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A New Hope?

J.D. Davis’s game-changing home run feels like a potential spark for a playoff push...or will it fade by morning?

MLB: Cleveland Guardians at San Francisco Giants Sergio Estrada-USA TODAY Sports

It was a literal heave; a mighty upper-cut—J.D. Davis got under a draggy change-up from reliever Eli Morgan and the ball rocketed not out but up into the friendly San Francisco afternoon air. Davis skipped out of the box, Fisk-like, not willing it fair but willing it far. It was either a warning-track fly, a run-scoring but insufficient sacrifice, or gone. Cleveland Guardians left fielder Steven Kwan lined it up, glassed-over eyes staring up into the sky, back scraping the wall. He jumped, and the ball fell from the sky just beyond his reach into the first row of bleachers and suddenly, the San Francisco Giants team fans thought they were watching flipped upside down and turned inside out and transformed into something new, reminding everyone that even in a long season during a long drawn-out game, baseball can still turn on a dime.

José Ramírez had tagged Kyle Harrison for a 2-run home run before the southpaw had recorded an out in the first. Casey Schmitt threw a change-up across the diamond that skipped past first, allowing 2 more runs to score instead of ending the inning. The day started out knee-dip in muck and slogged on from there. They scratched a run across in the 1st against Logan Allen but left the bases loaded and the Guardians responded with another run the very next frame.

It wasn’t until the 7th after Harrison (4 IP, 7 H, 3 ER, 1 BB 3 K) and Alex Wood (4 IP, 3 H, 0 R, 1 K) settled Cleveland down that the Giants chewed into that 4-run lead. Thairo Estrada pulled a 2-out double down the third baseline and came home on the next pitch—a Wilmer Flores RBI single to right.

Joc Pederson led off the 8th by getting hit by a pitch, and Patrick Bailey, in his return from the concussion IL, singled to set-up the 2-on, nobody-out situation, prompting the long ball heroics.

In a 5-2 hole in the 8th inning, in a teeth-and-claw wild card chase with three other teams, the dramatics were not preferred but required. Threatened with another late-season series loss, down since Cleveland’s 4-run first inning aided by another defensive blunder, the San Francisco Giants needed a shift. Preferably a tectonic one.

Davis rounded the bases like he had just unloaded a heavy bag from his shoulders, the final burden dumped after a profoundly frustrating summer. From July 1st to August 31st, Davis collected a .563 OPS and 58 wRC+ in 185 plate appearances while hitting 5 home runs and striking out 58 times. Over 37 PAs in September, Davis has 3 home runs and an OPS over 1.000. Small sample size, somewhat arbitrary start/stop dates, but it does still illustrate the boom-and-bust nature of Davis’s play. He hits the ball hard but strikes out a third of the time. He likes to ambush the first pitch and that’s as exciting as it is exploitable leading to some super-charged offensive moments as well as unwatchable ones. But the highs of the seesaw make up for the lows. Or they at least blind us to them for periods of time.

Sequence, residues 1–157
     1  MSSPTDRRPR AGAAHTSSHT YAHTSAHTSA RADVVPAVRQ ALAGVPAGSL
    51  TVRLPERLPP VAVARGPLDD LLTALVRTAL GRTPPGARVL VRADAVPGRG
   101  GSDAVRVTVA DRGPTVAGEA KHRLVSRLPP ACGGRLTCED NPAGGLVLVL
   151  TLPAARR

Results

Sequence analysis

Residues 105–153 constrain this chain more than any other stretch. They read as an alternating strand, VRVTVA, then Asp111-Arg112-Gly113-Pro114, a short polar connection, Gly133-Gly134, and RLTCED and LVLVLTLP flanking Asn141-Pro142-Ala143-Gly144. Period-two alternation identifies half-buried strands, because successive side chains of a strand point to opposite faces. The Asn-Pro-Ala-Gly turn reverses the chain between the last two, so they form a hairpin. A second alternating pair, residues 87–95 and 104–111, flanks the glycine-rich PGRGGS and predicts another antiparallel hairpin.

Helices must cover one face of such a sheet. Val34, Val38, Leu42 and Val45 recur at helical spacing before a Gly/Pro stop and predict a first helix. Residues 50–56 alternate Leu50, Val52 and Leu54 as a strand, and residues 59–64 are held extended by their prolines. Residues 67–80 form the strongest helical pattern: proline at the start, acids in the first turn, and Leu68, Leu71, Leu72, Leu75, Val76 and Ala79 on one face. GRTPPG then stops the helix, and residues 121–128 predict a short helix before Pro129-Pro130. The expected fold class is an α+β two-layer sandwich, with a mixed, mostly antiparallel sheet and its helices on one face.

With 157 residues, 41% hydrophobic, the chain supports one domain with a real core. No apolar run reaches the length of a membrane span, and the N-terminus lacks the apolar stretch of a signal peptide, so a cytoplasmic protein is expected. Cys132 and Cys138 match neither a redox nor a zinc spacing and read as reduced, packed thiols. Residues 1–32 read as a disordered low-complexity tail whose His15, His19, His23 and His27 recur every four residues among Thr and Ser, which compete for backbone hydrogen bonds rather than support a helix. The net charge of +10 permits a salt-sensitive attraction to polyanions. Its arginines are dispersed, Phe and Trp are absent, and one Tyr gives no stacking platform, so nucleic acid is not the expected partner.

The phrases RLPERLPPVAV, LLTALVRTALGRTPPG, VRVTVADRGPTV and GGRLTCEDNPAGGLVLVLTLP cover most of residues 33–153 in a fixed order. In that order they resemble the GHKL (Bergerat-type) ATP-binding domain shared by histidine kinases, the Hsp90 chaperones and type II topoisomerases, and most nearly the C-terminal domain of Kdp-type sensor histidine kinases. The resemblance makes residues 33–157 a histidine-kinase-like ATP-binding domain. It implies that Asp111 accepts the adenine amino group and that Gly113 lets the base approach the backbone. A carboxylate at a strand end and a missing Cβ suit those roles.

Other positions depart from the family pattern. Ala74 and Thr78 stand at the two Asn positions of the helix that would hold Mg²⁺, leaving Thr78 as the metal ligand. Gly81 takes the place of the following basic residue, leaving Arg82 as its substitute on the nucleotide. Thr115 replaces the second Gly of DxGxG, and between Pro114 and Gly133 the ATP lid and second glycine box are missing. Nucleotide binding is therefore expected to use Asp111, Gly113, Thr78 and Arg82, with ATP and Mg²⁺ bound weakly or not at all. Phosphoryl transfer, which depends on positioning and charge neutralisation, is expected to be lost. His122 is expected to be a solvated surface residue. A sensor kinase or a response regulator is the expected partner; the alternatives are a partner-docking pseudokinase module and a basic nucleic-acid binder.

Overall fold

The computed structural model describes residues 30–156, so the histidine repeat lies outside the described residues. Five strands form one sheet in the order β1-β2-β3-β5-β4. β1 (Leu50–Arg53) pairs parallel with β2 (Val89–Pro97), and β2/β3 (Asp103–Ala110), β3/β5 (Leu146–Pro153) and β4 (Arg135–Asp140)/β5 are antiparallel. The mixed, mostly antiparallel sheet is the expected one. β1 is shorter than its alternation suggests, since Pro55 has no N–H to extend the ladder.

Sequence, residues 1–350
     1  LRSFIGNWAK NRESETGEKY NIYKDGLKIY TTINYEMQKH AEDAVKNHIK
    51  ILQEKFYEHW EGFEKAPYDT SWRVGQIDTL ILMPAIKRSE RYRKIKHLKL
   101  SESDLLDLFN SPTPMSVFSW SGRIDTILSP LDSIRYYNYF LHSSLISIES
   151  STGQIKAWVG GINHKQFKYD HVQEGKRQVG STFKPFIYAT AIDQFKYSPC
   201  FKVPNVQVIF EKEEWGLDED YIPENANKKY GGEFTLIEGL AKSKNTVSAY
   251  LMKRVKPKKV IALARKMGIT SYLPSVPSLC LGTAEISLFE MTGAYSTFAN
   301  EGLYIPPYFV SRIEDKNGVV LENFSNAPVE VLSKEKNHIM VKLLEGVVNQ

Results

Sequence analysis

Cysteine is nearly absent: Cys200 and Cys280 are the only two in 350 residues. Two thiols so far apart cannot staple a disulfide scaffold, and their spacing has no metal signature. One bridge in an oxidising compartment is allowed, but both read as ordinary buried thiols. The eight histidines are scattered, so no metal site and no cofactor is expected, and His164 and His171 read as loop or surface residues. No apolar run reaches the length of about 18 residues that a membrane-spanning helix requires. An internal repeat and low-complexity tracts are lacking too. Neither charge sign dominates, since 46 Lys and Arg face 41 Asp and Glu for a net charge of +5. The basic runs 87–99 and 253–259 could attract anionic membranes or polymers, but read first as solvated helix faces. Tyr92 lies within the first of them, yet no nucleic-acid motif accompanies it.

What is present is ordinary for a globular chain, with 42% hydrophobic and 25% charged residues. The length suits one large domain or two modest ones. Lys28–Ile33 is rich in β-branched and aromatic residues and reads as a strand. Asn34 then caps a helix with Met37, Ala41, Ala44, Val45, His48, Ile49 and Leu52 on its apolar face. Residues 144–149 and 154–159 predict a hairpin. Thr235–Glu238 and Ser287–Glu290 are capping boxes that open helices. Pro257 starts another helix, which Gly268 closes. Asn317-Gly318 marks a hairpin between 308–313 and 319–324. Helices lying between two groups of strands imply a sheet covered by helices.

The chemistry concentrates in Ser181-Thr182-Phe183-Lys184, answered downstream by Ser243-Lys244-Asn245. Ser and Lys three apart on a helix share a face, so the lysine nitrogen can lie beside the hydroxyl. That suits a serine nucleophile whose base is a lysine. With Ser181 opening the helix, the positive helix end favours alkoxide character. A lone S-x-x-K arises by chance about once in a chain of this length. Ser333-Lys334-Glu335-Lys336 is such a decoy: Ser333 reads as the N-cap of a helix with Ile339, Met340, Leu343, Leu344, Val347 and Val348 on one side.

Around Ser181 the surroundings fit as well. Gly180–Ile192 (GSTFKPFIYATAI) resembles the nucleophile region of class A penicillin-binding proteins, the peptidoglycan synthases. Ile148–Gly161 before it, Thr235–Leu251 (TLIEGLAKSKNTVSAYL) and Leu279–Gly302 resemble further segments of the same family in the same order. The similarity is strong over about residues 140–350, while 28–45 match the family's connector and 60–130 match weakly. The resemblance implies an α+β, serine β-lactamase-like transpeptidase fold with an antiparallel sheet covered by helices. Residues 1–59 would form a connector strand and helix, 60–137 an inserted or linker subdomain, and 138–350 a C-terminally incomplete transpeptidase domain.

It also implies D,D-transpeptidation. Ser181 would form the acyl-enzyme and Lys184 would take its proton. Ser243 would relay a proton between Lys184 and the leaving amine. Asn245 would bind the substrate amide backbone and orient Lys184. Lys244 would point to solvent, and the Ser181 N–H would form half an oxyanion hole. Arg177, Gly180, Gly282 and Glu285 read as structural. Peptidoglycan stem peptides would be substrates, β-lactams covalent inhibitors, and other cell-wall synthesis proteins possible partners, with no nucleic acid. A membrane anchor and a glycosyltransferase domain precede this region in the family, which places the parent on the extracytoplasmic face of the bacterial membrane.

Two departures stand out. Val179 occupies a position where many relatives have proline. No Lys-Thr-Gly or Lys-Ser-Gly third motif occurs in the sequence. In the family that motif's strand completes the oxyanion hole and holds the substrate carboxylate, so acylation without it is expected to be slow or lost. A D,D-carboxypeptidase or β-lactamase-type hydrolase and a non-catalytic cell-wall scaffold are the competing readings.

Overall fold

A Davis ascending at the heart of the order can pull the entire lineup up along with him, as well as cleanse him of a multitude of swing-and-miss sins. This afternoon’s game-tying 3-run blast was a personal triumph, but will it be the quake the team needs?

In such a tight race and with such a volatile subject as these Giants, it’s obviously wise to not make sweeping, premature claims like “the swing single-handedly saved San Francisco’s sinking season”…but in the moment? From the perspective of someone who has been pretty down on the team as of late and had spent the previous 7 innings planning the team’s eulogy? It felt miraculous in both the spiritual and physical sense. More so than the comeback win against Colorado because it well…it wasn’t against Colorado. But also how it built off the walk-off win on Monday and the eventual series sweep against the Rockies over the weekend. If you recall San Francisco’s unreal stretch in June of late-game heroics started with a series against the Rockies, and every fan just wants it to be June again.

Postseason odds have plummeted recently, and everyone has hated everyone and blamed everyone for everything, so it’s nice to feel good about the team again. Or maybe not good, but depending on the type of person you are, maybe not terrible about them. They’ve won 5 of their last 6 and pulling the rug out from an opponent with one swing is always going to lighten a fanbase’s mood—and it also happened on a day when the Cubs, Phillies, and Diamondbacks lost. What felt concrete is now strawberry jell-o. The Wild Card situation is mutable, ready to blow. There is only so much the Giants can control, so when they steal a series win with 5 runs after the 7th inning fueled by a dramatic home run and finalized by another walk-off from LaMonte Wade Jr., it’s reasonable to let your hair down a bit. Now is the time in the season when fan emotions should swing wildly between extremes.

Get excited and enjoy it—even if those victory vibes have a shelf life of less than 24 hours. Trust me: The worries will be there in the morning, and there are plenty. Kyle Harrison’s penchant for giving up the long ball, his inexplicable struggle with lefties, the crippling errors piling up on defense, Tyler Rogers’ magic frisbee losing some of its magic, the rotation, always the rotation…to name just a few that cropped up today. The threat of something going terribly wrong always looms. Casey Schmitt could spike a throw at any moment. It’s important to not let those mistakes define games. It did yesterday, and it almost did again today. Resiliency is key, especially in a playoff push, and that invaluable trait seems to be resurfacing at just the right time for San Francisco.